Michael StipeMichael Stipe is best known as the lead singer of the popular band R.E.M., but recently, he's been focused on the ongoing devastation in the Gulf Coast region. To raise money for Hurricane Katrina relief efforts, Stipe recorded six versions of the song "In the Sun," by singer-songwriter Joseph Arthur. For some of the versions, he was joined by other stars, such as Chris Martin of Coldplay and Justin Timberlake. All six are available for download on iTunes, with all the proceeds going to Mercy Corps.

In January 2006, Stipe traveled to New Orleans and returned shaken by what he saw. Several weeks later, he spoke to Beliefnet about the trip, his efforts on behalf of Katrina's victims, and the role of God and faith in natural disasters and their aftermath.


Why are you doing this fund-raising project now in particular?
When we first started working on the project, a lot of people who were working on it were thinking, myself included, that we need to get this out as soon as possible because it will be a moot point after a couple of months. Of course, the Gulf region will be cleaned up, and people will be moving back into their homes. As it turns out, six months later, it's still pretty cataclysmic what's happened down there, and there's not a lot of progress in terms of the response.
You've referred to the disaster as "Old Testament" in its scope. What did you mean by that?
I followed the story like we all did on TV, and the images we all saw in the first weeks after Katrina. And it was devastating to see. Television and photographs have an abstracting quality, whereby you can see something and feel like you've experienced or feel the emotional impact of having seen it. But honestly, having been to New Orleans since Katrina, nothing can prepare you for what it's like still, and that's the real shock. I really felt like it was biblical in proportion. It was like something out of the Old Testament. There was ruination down there that I've only seen in Pompeii.
Were there one or two images in particular from that visit that stuck with you?
A haunting image of devastation
There's an image that really, for whatever reason [stuck with me]--maybe, I'm a poet, that's what I do, I write lyrics, I think a lot, I'm an artist--in the lower 9th Ward. For miles, there's nothing but people's entire lives laying in the mud. And it's where the levee broke, and--it wasn't reported much--a barge blasted through the levee, and the water was, I think, 30 feet tall, taking out an entire neighborhood. So all these people's stuff is still there. There's trees standing. There's not much else. The trees are dead from the water. All their things are laid out in the mud. As a photographer and someone who wanted to document this, I couldn't take pictures of it. It was too personal and too real to even photograph.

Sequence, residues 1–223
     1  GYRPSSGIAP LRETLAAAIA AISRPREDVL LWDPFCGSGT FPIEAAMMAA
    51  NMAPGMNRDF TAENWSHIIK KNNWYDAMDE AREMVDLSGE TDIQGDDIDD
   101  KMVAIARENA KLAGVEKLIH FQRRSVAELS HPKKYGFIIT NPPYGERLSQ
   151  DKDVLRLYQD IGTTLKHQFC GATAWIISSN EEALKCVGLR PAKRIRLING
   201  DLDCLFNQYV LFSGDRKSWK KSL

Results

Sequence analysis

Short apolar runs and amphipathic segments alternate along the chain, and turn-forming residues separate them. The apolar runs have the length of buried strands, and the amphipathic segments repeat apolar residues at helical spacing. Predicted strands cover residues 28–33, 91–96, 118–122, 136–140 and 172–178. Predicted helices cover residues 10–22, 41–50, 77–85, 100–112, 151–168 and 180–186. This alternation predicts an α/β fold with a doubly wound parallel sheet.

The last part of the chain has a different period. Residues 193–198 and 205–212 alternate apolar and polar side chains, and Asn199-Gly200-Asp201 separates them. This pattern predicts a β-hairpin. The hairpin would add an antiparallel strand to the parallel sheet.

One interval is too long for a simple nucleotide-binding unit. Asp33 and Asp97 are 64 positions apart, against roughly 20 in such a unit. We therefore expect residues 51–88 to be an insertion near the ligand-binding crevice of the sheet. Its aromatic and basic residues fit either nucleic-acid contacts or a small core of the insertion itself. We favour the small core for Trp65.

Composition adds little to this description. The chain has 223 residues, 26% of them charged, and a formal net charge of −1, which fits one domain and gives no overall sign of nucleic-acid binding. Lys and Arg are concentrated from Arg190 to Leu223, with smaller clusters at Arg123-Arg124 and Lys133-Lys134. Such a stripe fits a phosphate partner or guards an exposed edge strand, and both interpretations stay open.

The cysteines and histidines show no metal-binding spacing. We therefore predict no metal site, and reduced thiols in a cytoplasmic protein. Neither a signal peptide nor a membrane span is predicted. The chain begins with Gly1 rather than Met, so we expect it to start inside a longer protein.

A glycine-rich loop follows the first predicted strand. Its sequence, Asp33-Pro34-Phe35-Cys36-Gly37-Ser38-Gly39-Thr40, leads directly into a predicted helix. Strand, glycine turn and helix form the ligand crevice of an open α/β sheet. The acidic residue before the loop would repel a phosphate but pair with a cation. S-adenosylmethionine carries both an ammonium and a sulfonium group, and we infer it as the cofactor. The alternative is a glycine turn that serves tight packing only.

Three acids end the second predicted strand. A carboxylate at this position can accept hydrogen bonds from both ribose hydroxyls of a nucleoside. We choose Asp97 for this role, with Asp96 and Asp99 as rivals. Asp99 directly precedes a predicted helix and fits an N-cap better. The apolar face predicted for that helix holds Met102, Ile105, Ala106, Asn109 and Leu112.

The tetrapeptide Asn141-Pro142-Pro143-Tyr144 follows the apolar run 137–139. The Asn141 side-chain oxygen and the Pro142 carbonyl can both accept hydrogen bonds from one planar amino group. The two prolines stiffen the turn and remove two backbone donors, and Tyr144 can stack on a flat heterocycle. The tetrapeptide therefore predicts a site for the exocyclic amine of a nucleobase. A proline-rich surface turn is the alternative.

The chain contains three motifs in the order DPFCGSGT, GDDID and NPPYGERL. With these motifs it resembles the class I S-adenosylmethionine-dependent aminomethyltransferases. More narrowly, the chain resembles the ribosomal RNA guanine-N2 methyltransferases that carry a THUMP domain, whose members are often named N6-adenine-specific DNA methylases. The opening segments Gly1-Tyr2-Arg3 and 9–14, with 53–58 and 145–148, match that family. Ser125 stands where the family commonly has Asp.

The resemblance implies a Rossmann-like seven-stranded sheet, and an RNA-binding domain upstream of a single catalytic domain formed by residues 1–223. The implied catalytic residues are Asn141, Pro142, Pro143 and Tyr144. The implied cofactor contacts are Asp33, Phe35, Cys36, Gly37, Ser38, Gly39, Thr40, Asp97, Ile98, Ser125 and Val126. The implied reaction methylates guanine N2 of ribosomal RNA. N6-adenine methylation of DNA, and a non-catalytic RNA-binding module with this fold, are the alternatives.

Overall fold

But the image that really struck me was: Maybe three or four blocks from where the levee broke, there's an 18-wheeler truck. And mind you, you're standing and you look completely around you, and all you see is devastation, and not a bird, not a dog, not a human being. The roads are barely passable by cars six months later. And there's an 18-wheeler truck that's turned upside down and someone's couch is perched on top of it. Now, in six months, no one has gone and thought, This might fall on somebody, we should at least go and push the couch off the top of this overturned 18-wheeler. That image, to me, was maybe the most powerful.
After Katrina, there was a sense in this country that this time we wouldn't drop the ball and lose interest after just a few weeks, but it seems that we have. Why do things fade out of consciousness that quickly, and what can we do to fix that?
Stipe, wearing a gas mask during his visit to New Orleans. Photo courtesy Mercy Corps
There's a lot of things coming at us all the time, it's really hard to focus on what's real and what's important. So I don't know that we're necessarily callous people or that we have as a nation a low attention span. It's just the inundation of information, and I think that affects your ability to prioritize what is really important.
You combine that with the abstraction that occurs with seeing things on television, and it would be easy to dismiss something, or to think, "Of course the government's taking care of it. Of course these people have places to stay. Of course, their lives are slowly, perhaps, coming back together." And having been down there and seeing it, and having recognized that there's nothing black and white, there's nothing simple about what's going on there, I'm here to tell you that that's not the case. People are desperate.
I admit to being among those who assumed that things are improving.
It's not moving anywhere close to as fast as it should. There's some million-and-a-half people displaced by this hurricane, and people are still looking for family members. People have family members missing, who are probably still in the houses, and it's tragic to me that someone would have to return to not only a destroyed home, but to find one of their loved ones laying on the floor, dead, having been left there for five months or six months.

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